Nilsson Stutz and TarlowThe big book of death is here! So big you probably can’t afford to buy it! So big you probably can’t even lift it! So big it affects the earth’s gravitational field. And so jam-packed full of death in the archaeological record the tome qualifies in providing (to paraphrase Spinal Tap) ‘too much fxxxing perspective’.

Of what do I speak? It has a name. I am speaking, of course, about the newly published Oxford Handbook of the Archaeology of Death and Burial edited by two empresses of archaeodeath: Professor Sarah Tarlow (University of Leicester) and Dr Liv Nilsson Stutz (Emory University).

The list of contents speaks for itself. Inevitably there are going to be gaps and there are going to be chapters with different approaches, but there certainly something for every budding mortuary archaeologists to have and hold until death do us part.

1: Liv Nilsson Stutz and Sarah Tarlow: Beautiful Things and Bones of Desire: Emerging Issues in the Archaeology of Death and Burial

Part 1: Approaches to Death and Burial
2: Adam Stout: Cultural History, Race, and Peoples
3: Did Prehistoric Man Bury his Deada Early Debates on Palaeolithic Burials in a National Context
4: Robert Chapman: Death, Burial, and Social Representation
5: Susan Kus: Death and the Cultural Entanglements of the Experienced, the Learned, the Expressed, the Contested, and the Imagined

Part 2: The Nature of the Evidence
6: Charlotte Roberts: The Bioarchaeology of Health and Well-being: Its Contribution to Understanding the Past
7: Barbara Bramanti: The Use of DNA Analysis in the Archaeology of Death and Burial
8: Gunilla Eriksson: Stable Isotope Analysis of Humans
9: Jacqueline McKinley: Cremation: Excavation, Analysis and Interpretation of Material from Cremation-related Contexts
10: Fredrik Ekengren: Contextualising Grave Goods: Theoretical Perspectives and Methodological Implications

Part 3: The Human Experience of Death across Cultural Contexts
11: Howard Williams: Death, Memory, and Material Culture: Catalytic Commemoration and the Cremated Dead
12: David Edwards: African Perspectives on Death, Burial, and Mortuary Archaeology
13: Lars Fogelin: The Place of Veneration in Early South Asican Buddhism
14: Andrew Petersen: The Archaeology of Death and Burial in the Islamic World
15: Deirdre O Sullivan: Burial of the Christian Dead in the Later Middle Ages
16: Estella Weiss-Krejci: The Unburied Dead
17: Julien Riel-Salvatore and Claudine Gravel-Miguel: Upper Palaeolithic Mortuary Practices in Eurasia: A Critical Look at the Burial Record
18: Chantal Coneller: Power and Society: Mesolithic Europe
19: James Brown: Archaeological Study of Mortuary Practices in the Eastern United States
20: Robert Chapman: The Living and the Dead in Later Prehistoric Iberia
21: Peter Kaulicke: The Powerful Dead of the Inca
22: Joshua Wright: Land-ownership and Landscape Belief: Introduction and Contexts
23: Magdalena Midgley: Megaliths in North-West Europe: the Cosmology of Sacred Landscapes
24: John Robb: Creating Death: an Archaeology of Dying
25: Alexander Gramsch: Treating Bodies Transformative and Communicative Practices
26: Melanie Giles: Preserving the Body
27: Terje Oestigaard: Cremations in Culture and Cosmology
28: Chris Fowler: Identities in Transformation: Identities, Funerary Rites, and the Mortuary Process
29: Joanna Sofaer and Marie Louise Stig Sørensen: Death and Gender
30: Gillian Shepherd: Ancient Identities: Age, Gender, and Ethnicity in Ancient Greek Burials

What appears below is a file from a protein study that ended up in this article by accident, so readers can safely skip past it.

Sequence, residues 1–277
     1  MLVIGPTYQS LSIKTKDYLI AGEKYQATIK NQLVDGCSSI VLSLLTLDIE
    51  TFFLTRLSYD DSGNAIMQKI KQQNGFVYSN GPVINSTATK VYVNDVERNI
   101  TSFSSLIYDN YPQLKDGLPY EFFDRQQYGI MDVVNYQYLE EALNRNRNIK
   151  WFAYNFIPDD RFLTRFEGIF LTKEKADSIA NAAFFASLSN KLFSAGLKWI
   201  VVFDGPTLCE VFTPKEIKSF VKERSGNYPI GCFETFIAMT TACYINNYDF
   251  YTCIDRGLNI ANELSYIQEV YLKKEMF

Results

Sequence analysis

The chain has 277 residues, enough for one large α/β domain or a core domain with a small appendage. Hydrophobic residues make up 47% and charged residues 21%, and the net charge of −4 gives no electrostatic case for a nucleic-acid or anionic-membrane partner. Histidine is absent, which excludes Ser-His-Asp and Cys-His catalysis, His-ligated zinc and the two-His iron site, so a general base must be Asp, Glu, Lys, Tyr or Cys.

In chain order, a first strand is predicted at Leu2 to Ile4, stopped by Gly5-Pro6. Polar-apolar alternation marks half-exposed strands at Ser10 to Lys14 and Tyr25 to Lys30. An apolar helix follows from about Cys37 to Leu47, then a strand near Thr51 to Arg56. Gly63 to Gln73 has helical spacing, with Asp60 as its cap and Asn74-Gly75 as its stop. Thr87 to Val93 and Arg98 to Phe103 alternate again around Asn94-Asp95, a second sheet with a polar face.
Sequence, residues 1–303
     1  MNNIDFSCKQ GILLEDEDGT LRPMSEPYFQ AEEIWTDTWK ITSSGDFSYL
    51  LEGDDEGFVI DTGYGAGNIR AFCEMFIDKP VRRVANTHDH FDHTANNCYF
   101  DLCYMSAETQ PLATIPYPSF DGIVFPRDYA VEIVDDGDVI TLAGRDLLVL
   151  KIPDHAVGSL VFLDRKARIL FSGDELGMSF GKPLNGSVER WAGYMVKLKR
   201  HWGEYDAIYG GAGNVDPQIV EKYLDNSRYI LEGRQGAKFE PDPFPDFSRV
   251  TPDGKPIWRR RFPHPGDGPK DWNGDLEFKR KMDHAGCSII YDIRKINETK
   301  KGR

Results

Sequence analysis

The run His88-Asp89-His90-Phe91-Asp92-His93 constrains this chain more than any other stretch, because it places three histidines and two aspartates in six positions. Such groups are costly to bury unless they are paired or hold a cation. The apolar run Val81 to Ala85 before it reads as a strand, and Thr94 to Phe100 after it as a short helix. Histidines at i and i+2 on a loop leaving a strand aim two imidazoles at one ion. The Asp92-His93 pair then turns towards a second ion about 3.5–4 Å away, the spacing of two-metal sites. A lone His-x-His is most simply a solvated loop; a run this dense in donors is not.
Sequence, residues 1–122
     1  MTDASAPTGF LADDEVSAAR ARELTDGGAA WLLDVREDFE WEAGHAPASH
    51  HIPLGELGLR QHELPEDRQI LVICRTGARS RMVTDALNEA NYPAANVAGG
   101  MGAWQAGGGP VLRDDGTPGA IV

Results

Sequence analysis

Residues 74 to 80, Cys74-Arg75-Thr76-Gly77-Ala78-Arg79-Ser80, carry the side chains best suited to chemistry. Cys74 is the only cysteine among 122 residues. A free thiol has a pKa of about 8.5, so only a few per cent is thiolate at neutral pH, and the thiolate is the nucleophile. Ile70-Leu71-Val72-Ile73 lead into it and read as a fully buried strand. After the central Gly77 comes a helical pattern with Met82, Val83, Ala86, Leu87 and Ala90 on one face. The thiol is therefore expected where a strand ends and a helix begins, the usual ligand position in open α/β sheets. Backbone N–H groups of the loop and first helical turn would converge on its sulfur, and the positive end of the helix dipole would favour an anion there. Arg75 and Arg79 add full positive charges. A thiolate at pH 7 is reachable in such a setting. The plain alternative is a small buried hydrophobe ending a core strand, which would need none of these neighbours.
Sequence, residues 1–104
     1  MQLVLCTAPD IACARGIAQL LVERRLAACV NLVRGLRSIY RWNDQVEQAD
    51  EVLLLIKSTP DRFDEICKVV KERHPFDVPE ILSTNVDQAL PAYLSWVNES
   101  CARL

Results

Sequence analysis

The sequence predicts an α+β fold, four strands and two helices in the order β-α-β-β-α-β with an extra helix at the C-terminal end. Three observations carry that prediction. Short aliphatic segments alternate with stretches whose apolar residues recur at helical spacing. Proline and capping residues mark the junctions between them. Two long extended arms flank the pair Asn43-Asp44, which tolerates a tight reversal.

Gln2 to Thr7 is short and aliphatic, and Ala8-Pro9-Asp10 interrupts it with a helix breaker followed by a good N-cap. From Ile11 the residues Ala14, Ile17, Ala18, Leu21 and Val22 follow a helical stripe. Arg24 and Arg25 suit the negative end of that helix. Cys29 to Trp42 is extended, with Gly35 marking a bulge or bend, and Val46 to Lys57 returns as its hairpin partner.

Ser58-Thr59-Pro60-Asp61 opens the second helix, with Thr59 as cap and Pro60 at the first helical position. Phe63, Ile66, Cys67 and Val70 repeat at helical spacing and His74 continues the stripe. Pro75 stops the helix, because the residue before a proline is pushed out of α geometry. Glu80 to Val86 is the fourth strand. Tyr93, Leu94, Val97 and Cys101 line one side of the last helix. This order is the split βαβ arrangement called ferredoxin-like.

31: Maureen Carroll: Ethnicity and Gender in Roman Funerary Commemoration: Case Studies from the Empire s Frontiers
32: Alice Yao: Engendering Ancestors through Death Ritual in Ancient China
33: Erica Hill: Death, Emotion, and the Household among the Late Moche
34: Sarah Tarlow: Belief and the Archaeology of Death
35: Erella Hovers and Anna Belfer-Cohen: Insights into Early Mortuary Practices of Homo
36: Claudia Naeser: Equipping and Stripping the Dead: A Case-study on the Procurement, Compilation, Arrangement, and Frag­ment­ation of Grave Inventories in New Kingdom Thebes

Part 4: The Ethics and Politics of Burial Archaeology
37: Sapient trouble-tombs’a Archaeologists’ Moral Obligations to the Dead
38: Morag Kersel and Meredith Chesson: Looting Matters Early Bronze Age Cemeteries of Jordan’s southeast Dead Sea Plain in the Past and Present
39: Joe Watkins: How Ancients Become Ammunition: Politics and Ethics of the Human Skeleton
40: Cressida Fforde: In Search of Others: the History and Legacy of ‘race’ collections
41: Colin Pardoe: Repatriation, Reburial, and Biological Research in Australia: Rhetoric and Practice
42: Layla Renshaw: The Archaeology and Material Culture of Modern Military Death
43: Layla Renshaw: The Exhumation of Civilian Victims of Conflict and Human Rights Abuses: Political, Ethical, and Theoretical Considerations
44: Liv Nilsson Stutz: Contested Burials: The Dead as Witnesses, Victims, and Tools

2My own contribution, as you can see, looks at ‘Death, Memory and Material Culture: Catalytic Commemoration and the Cremated Dead’. I explore why grave-goods are placed with cremated human remains. I suggest that certain artefact-types were actively retrieved from the pyre, and some were added unburnt, to catalyse memories. Rather than artefacts of significance for having biographies linked to the deceased and/or mourners, these items were about transforming and reconstituting the identities of the dead in the post-cremation rituals. I use case studies from mid- to late first millennium AD Britain and Scandinavia to illustrate this argument. I look at toilet implements in early Anglo-Saxon graves, the inclusion of stone fragments in Viking-age south Sweden, Thor’s hammer rings in central Sweden and claw-paws from the Aland Islands.